Download a single sheet overview of Wally’s Way Film here!
The story begins by inviting you to join an adventure in progress at an amazing outdoor sculpture museum. Distant cries of excitement draw you to an engaging voice encouraging a group of people to shout out ideas or physically become them. “A pin cushion!” “A Dandelion!” You lock eyes with the facilitator and can’t help but join in. “A Disco Ball!” You curl yourself up and he smiles. This continues with others in the crowd and you feel enlightened and excited at the same time. You’re captivated by the process and can’t wait to move to the next piece of art. On the way to the next piece, the facilitator approaches you.
“So glad you joined in. Thanks again for coming – I’m Wally.”
Wally McGuire, dubbed the “Pied Piper of Storm King,” turns on an interest in art – a switch that is difficult to flip. Wally begins his tour by focusing on the essence of a work of art – he does this by engaging the imaginations of those looking upon it.
He has developed this unique method, which he refers to as “Making a heART connection with art”. It is this connection that is described in the encounter above – it opens people’s eyes to the power of their imagination as they attempt to continue the conversation that the initial artist began. When the day is done, this approach turns out to be beneficial no matter what the profession of those involved – because creators, in every field, need to know how to imagine unique connections and see new possibilities. Those who partake are often astounded and tend to remark, “Wow, Wally certainly is a character and this a method worth sharing with the world.”
Based on responses to the trailer with large and small audiences across the country, it is expected that ENGAGING THE IMAGINATION: WALLY’S WAY will be in high demand as an elegant educational documentary for use in classrooms and living rooms across the country. It will likely be broadcast on public television. The forty-four minute film with extra chapters is designed to provide maximum flexibility for designing instruction to match audience needs.
The budget of $81,000 for creating the documentary ENGAGING THE IMAGINATION: WALLY’S WAY reflects the fact that this is a not-for-profit venture designed by a creative team of experts in education, film (Declan Quinn and Allyson Johnson) and museum educators who have donated much of their time and expertise. With the in-kind support of artists, artists’ representatives and community members, and financial support from prior audiences, an Orange County government grant, and an anonymous foundation, we now seek other sponsors who value imagination and creativity.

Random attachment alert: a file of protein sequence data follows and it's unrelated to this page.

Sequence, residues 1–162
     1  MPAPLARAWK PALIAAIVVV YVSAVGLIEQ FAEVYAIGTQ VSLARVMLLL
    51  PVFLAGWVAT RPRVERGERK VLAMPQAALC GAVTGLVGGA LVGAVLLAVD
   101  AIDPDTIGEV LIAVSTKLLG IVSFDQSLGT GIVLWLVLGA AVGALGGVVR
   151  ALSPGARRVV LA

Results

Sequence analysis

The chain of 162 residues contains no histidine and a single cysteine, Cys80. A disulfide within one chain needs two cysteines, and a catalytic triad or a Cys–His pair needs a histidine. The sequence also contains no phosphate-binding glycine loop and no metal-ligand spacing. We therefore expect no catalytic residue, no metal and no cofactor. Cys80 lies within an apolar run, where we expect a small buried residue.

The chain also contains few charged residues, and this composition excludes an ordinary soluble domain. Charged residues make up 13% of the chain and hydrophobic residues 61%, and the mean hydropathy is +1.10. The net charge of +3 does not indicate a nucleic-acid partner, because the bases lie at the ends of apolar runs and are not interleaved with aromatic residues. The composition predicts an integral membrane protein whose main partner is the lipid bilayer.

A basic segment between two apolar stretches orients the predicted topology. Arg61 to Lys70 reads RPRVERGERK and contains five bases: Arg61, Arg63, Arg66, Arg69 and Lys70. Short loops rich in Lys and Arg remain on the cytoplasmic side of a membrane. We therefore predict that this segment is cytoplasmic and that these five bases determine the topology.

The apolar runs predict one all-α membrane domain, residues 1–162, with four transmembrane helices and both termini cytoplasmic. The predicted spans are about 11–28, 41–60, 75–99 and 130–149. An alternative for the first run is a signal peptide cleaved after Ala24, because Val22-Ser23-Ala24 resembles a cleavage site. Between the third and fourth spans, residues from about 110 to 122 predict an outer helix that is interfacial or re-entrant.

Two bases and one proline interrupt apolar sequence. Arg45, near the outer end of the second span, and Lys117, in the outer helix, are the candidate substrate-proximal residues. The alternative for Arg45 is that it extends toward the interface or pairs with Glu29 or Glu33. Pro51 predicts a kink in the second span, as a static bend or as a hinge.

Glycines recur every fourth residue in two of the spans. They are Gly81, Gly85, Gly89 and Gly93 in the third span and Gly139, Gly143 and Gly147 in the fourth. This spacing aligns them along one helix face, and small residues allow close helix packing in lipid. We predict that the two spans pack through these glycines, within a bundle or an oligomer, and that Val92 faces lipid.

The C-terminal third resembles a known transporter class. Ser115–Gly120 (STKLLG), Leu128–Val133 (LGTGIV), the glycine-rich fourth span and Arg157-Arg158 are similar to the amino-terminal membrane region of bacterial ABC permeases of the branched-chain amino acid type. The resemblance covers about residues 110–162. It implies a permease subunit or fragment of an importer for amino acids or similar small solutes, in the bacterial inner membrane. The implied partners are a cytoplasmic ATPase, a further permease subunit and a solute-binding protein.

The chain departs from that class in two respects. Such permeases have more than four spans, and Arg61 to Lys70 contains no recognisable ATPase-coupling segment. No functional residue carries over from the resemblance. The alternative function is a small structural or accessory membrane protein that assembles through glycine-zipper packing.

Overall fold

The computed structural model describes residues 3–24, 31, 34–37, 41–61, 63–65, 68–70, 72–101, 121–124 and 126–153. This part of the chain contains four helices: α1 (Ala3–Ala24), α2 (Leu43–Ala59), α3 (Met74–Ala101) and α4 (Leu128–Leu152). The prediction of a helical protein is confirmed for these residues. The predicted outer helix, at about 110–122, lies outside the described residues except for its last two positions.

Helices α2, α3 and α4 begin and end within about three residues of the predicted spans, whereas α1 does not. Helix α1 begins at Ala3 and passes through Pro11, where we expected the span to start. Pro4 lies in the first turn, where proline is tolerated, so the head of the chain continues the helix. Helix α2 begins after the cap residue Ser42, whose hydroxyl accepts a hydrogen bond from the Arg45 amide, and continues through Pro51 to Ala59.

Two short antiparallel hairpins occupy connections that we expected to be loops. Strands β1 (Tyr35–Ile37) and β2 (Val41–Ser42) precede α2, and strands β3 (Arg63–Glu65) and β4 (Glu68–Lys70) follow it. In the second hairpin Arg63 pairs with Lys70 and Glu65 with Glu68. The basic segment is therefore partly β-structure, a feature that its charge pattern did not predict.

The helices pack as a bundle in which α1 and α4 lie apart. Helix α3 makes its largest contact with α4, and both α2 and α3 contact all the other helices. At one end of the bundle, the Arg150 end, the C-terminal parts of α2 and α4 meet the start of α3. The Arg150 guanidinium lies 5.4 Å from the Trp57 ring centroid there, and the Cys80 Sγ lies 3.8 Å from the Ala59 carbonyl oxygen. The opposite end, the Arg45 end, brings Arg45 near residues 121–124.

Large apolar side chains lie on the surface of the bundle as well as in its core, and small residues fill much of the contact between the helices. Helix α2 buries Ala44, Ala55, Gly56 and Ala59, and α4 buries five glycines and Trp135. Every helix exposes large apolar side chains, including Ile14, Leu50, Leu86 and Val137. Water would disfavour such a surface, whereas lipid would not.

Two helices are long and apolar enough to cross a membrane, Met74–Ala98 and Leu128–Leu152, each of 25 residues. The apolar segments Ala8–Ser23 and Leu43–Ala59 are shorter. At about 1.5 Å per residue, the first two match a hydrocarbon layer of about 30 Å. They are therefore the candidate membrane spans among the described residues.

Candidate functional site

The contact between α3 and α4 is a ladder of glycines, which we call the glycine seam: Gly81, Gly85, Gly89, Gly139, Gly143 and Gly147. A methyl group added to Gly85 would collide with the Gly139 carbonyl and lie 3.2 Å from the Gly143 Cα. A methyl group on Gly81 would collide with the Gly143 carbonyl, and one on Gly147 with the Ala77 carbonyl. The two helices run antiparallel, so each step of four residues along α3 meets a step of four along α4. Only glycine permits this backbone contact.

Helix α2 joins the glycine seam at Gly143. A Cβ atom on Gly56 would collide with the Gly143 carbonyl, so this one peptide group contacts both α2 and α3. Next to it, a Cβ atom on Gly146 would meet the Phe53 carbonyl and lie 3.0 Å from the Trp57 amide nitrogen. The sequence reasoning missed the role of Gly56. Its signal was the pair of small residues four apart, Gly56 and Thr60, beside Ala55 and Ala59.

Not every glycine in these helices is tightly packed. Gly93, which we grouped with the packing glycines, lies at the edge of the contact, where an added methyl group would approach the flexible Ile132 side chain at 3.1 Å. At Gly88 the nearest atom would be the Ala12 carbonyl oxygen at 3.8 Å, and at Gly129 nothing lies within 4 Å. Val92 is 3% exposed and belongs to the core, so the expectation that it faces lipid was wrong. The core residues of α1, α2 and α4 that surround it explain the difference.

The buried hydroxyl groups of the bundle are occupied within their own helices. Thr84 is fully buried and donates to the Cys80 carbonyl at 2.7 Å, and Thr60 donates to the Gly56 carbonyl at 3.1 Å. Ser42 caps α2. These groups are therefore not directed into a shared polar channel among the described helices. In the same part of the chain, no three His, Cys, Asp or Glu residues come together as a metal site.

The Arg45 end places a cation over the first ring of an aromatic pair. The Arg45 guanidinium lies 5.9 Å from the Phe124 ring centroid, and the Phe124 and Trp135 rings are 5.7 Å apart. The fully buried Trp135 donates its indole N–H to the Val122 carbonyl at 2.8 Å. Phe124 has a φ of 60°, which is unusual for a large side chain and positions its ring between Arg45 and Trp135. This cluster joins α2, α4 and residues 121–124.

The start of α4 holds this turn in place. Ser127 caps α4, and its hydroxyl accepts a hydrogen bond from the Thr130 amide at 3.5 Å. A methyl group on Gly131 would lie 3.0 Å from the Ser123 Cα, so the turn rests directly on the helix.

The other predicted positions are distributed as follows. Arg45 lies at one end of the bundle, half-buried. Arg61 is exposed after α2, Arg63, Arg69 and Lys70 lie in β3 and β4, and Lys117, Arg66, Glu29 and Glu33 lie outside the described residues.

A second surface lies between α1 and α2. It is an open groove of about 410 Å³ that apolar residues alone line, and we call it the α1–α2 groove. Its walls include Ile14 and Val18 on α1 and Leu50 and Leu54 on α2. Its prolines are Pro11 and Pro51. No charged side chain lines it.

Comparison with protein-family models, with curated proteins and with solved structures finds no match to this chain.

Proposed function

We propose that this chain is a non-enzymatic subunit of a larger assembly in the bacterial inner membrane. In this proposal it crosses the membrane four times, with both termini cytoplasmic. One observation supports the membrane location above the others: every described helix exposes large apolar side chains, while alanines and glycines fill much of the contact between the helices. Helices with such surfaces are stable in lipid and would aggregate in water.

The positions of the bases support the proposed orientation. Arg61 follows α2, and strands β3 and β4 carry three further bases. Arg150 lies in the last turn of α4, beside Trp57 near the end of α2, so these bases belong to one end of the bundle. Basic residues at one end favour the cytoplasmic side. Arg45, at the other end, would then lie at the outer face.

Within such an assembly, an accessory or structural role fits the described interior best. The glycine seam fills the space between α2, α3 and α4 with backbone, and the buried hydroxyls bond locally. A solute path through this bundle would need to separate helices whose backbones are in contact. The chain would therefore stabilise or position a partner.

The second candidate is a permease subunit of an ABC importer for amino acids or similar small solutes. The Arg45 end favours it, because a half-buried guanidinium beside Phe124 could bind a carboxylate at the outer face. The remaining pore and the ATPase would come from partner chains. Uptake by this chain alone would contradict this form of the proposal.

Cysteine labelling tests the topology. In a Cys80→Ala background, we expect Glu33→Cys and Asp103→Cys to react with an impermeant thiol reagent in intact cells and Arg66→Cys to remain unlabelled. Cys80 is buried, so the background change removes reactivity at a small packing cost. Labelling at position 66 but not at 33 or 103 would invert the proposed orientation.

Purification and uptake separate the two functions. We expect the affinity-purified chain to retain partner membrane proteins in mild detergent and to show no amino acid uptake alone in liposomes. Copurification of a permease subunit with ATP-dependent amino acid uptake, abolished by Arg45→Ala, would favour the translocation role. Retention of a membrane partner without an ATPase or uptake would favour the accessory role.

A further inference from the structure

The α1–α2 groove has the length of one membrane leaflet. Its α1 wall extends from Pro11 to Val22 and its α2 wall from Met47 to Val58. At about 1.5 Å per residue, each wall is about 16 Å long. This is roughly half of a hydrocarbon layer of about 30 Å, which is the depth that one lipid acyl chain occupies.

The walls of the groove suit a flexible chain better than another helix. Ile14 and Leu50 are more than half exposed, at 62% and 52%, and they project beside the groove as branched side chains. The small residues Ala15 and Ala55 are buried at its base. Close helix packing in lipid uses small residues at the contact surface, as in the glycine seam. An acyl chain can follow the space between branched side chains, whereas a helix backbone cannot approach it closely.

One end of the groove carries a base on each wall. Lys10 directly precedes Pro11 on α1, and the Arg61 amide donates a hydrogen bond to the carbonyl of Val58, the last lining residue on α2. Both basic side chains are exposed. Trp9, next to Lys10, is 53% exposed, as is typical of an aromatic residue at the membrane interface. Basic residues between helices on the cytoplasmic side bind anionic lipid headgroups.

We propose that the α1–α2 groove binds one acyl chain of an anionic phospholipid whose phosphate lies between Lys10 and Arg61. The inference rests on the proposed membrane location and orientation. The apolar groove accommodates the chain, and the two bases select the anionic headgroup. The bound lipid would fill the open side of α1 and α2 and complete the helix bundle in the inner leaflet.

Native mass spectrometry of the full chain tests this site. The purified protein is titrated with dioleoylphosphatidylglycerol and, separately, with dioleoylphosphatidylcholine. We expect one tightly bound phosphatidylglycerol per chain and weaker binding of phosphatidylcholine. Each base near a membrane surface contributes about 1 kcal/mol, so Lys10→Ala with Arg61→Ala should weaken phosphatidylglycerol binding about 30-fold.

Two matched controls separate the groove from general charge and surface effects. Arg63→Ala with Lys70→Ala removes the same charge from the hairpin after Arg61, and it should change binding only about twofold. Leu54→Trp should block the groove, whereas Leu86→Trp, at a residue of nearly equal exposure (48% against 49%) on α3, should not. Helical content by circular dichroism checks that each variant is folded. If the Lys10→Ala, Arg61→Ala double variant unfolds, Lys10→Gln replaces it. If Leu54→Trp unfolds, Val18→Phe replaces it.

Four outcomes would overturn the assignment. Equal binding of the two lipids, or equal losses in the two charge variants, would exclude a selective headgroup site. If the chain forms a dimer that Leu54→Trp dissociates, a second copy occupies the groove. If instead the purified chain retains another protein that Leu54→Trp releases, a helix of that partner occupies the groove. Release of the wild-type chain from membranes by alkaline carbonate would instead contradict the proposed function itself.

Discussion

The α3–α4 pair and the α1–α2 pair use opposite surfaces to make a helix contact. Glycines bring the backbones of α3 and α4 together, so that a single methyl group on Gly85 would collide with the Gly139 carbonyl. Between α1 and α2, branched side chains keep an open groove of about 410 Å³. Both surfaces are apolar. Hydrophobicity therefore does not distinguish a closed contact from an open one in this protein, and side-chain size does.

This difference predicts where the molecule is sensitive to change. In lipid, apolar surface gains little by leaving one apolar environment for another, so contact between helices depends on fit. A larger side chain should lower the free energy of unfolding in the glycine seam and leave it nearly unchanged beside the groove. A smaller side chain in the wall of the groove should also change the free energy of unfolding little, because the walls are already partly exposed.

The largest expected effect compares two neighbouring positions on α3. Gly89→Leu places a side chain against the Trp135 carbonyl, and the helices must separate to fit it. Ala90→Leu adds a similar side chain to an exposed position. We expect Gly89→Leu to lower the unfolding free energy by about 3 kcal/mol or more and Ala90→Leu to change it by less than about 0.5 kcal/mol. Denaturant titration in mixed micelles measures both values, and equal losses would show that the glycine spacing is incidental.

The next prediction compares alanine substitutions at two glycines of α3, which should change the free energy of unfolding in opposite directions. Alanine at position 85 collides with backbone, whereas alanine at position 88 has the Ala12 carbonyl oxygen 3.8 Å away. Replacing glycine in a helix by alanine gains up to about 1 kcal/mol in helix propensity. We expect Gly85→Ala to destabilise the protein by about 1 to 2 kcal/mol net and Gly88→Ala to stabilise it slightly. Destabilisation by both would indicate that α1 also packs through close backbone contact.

The award-winning Independent Production Fund (IPF), a non-profit 501(c)(3) entity, is our fiscal sponsor. Contributions to the development and production of ENGAGING THE IMAGINATION: WALLY’S WAY are tax deductible. Supporters will be listed in the films credits, and will be identified in publicity and promotion for the program, including this website and outreach materials. Your support for the arts is appreciated through this wonderful film, which we hope will live on for years in living rooms and classrooms across the country.
Storm King Art Center in Mountainville, NY is a 500-hundred acre museum of landscaped fields, rolling hills, meadows and woodlands that are carefully designed to showcase more than 100 post World War II sculptures by internationally renowned artists. This outdoor sculpture part has received international acclaim. It is the location for most of the film.
“Wally’s Way” reveals a wide variety of strategies for guiding a diverse audience, kids to adults, to find their own meaning in works of art. For this public audience, it serves to open the imagination and begins to unlock avenues for deeper appreciation of the great collection of works beautifully showcased in this film. For teachers, it models great ways to engage learners with works of art and thus is a film most worthy of support.” – Dr. Karen Carroll, Dean, Center for Art Education at the Maryland Institute College of Art.
“Thank you Mr. McGuire for letting us get the feeling of art.” – Heather, grade 3
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